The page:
Today’s blog post comes from Paige Weaver in the History Office of the National Archives.
Mark Twain was not a fan of beards. He once said that a beard “performs no useful function; it is a nuisance and a discomfort; all nations hate it; all nations persecute it with the razor.”
With such a strong disdain for beards, it is no wonder that the famous American writer, humorist, journalist, and lecturer chose to keep a squeaky clean chin.
Yet, this bias seems to only have been limited to beards since he sported a robust walrus mustache that has become just as iconic as some of his quotes and writing.
Although most people know him by his pen name, he was born Samuel Langhorne Clemens on November 30, 1835, in the small town of Florida, Missouri. Often celebrated as “The Great American Novelist,” he is the author of numerous books and satirical publications, perhaps best known for The Adventures of Tom Sawyer and The Adventures of Huckleberry Finn.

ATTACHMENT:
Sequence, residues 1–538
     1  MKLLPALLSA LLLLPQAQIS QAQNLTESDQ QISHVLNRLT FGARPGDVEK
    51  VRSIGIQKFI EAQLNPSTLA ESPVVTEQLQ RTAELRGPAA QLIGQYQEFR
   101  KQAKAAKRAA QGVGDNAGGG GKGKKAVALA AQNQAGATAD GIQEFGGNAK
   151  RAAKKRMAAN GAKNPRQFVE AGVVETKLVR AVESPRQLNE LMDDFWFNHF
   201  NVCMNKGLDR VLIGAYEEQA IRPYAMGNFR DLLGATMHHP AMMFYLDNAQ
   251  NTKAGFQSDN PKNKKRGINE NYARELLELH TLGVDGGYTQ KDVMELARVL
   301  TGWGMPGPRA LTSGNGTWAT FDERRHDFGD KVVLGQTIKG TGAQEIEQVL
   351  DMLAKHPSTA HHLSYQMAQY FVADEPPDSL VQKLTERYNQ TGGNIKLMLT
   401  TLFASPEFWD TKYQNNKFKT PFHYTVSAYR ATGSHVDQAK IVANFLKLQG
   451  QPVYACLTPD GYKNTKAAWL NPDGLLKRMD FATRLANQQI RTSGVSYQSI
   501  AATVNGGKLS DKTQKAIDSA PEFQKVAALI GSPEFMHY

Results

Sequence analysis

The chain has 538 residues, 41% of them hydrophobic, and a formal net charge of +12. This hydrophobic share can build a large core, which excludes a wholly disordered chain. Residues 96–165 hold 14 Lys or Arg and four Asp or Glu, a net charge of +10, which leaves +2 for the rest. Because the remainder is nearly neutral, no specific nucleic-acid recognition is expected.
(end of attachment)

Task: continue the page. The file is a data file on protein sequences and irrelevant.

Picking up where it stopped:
Twain enjoyed much success and fame as a result of his writing, traveling the world and befriending Presidents, royalty, artists, scientists, industrialists, and reformists alike. Although he endured a period of financial distress due to bad investments that forced him to declare bankruptcy, Twain’s grit, along with the popularity of his writing and the help of a friend, allowed him to recover.
While best known for his distinctive writing style, which involved humor and satire, use of vernacular dialect, social commentary, and realism, Twain was also a passionate advocate of his personal views. He avidly championed the abolition of slavery and promoted civil rights for African Americans. He determinedly campaigned for woman suffrage, and he actively endorsed unions and the labor movement. He strongly objected to experimenting on living animals, believing it to be cruel and ethically wrong. Twain was also an ardent anti-imperialist later in life, critical of intentions both at home and abroad to expand power by commandeering other smaller, weaker countries.
The irony that filled Twain’s fictional stories and writing penetrated into the real world. Twain was born shortly after Halley’s Comet orbited around Earth, a phenomenon that occurs every 74 to 79 years. Twain was fascinated by the comet, later proclaiming that he would “go out with it” when it made its next appearance. In a twist of irony that only Twain himself could muster, he died on April 21, 1910, just one day after Halley’s Comet passed over the planet again.